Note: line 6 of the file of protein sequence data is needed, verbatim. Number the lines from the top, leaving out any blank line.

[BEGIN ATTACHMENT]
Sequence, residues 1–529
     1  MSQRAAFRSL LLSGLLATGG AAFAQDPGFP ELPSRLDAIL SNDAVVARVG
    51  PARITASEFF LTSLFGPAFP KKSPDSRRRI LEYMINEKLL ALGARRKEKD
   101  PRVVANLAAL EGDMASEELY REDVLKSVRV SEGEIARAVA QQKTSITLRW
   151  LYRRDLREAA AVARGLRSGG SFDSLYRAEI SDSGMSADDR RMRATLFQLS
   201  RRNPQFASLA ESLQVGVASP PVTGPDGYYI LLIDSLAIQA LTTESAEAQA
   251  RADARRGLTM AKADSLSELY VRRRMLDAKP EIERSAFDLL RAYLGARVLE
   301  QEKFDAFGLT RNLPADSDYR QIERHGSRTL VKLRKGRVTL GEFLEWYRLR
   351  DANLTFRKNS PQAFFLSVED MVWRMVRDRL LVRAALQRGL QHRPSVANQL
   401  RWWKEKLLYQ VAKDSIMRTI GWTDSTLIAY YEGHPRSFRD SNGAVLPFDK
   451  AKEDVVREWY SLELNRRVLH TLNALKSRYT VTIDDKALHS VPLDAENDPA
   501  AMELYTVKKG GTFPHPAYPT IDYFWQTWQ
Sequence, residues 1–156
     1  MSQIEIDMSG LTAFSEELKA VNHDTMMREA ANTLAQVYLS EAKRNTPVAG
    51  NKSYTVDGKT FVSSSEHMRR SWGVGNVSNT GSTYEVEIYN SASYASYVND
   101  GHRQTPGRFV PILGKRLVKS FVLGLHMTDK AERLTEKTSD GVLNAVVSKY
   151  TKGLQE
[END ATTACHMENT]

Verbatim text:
   201  RRNPQFASLA ESLQVGVASP PVTGPDGYYI LLIDSLAIQA LTTESAEAQA